Rare Biblical Artifacts from Private American Collection to Exhibit in Jerusalem
Several rare biblical texts and artifacts from the Green Collection will be on display at the Bible Lands Museum in Jerusalem, October 23 to May 24. The Book of Books exhibit, which oversees traveling exhibitions of biblical artifacts in the Green Collection, academic research conducted through the Green Scholars Initiative and a yet-to-be-named museum on the history, story and impact of the Bible in Washington.
“The Book of Books exhibit will serve to delineate the relationship between the Jewish and Christian faiths by tracing the transmission of the biblical text over the last two millennia, spanning from the Judean wilderness to the nations of the world,” said Heather Reichstadt, curator for the exhibition. ”Visitors will enjoy some 200 artifacts displayed in immersive contextual settings that bring history to life.”
Some of the more notable pieces to be exhibited are the Codex Climaci Rescriptus, a 13th- to 15th-century Karaite prayer book from the Cairo Genizah in Egypt and a rare 14th-century illuminated chronicle detailing Christ’s lineage from the prophets up to Adam. This particular piece has never been publically exhibited until now.
A 127-page, full-color catalog edited by Dr. Jerry Pattengale, Lawrence H. Schiffman and Filip Vukosavovic, artfully tells the story of the exhibit’s artifacts. Illustrated with striking photos, the book is available now at the Bible Lands Museum in Jerusalem.
Recently, the Green Scholars Initiative announced the discovery of what is likely the world’s oldest-known Jewish prayer book. During research on the item, conducted by Green Scholar Dr. Stephan Pfann and his students at the University of the Holy Land in Jerusalem, it was discovered and later confirmed by independent Carbon-14 tests that the book dates to 840 A.D. The artifact may well be the earliest connection today’s practicing Jews have to the roots of modern-day rabbinic liturgy.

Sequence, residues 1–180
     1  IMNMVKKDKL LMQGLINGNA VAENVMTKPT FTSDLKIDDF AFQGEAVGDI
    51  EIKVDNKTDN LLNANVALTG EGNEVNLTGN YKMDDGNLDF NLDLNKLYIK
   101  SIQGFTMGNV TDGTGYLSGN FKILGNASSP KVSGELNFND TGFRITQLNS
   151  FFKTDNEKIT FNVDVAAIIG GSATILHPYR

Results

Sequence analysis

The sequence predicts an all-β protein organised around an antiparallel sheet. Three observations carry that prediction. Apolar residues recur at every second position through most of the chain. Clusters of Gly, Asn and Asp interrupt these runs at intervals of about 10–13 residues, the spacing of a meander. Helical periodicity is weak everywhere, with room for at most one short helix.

An upcoming Brill series called Early Jewish Texts and Manuscripts—co-edited by Jewish scholar Dr. Emanuel Tov of Hebrew University in Israel—will release further details on the sittur noted above and will feature in-depth examination of some of the world’s oldest and rarest biblical texts that are part of the Green Collection’s holdings. Included will be research on portions of the Old Testament books of Genesis, Exodus, Leviticus, Numbers, Nehemiah, Jeremiah, Jonah, Ezekiel, Micah, Daniel and the Psalms.
In addition to funding the Book of Books exhibit, the 501(c)(3) known as The Museum of the Bible has contributed to Yad Vashem (Israel’s National Holocaust Memorial Museum and World Center for Holocaust Research), projects at the Albright Institute and the Ecole’ Biblique in Jerusalem. The nonprofit has also loaned portions of the collection to various synagogues.
Other Judaica in the Green Collection can be seen at the Passages exhibition on display in Colorado Springs, Colorado, through January 2014. Among the 417 items in the 40,000-square-foot living-history attraction are two entire rooms and more than 100 Jewish and Hebrew texts and artifacts, including two first-century B.C. Dead Sea Scroll fragments, cuneiform tablets dating to the time of Abraham and Torah scrolls that survived the Nazi Holocaust.
About the Green Collection
Named for the family who founded U.S. arts and crafts retailer Hobby Lobby, the Green Collection is one of the world’s largest private collections of rare biblical texts and artifacts. Scholars have scoured the world to assemble the more than 40,000 biblical antiquities that today comprise the collection. Since its debut in 2011, the Green Collection “has created a buzz” (Fox News) and is “a sampler of Jewish, Roman Catholic and Protestant treasures” that span from ancient times to the digital age (USA Today). Hobby Lobby President Steve Green oversees the expansion and outreach of the collection and serves as chairman of the board for a yet-to-be-named, D.C.-based international Bible museum that will be the collection’s permanent home.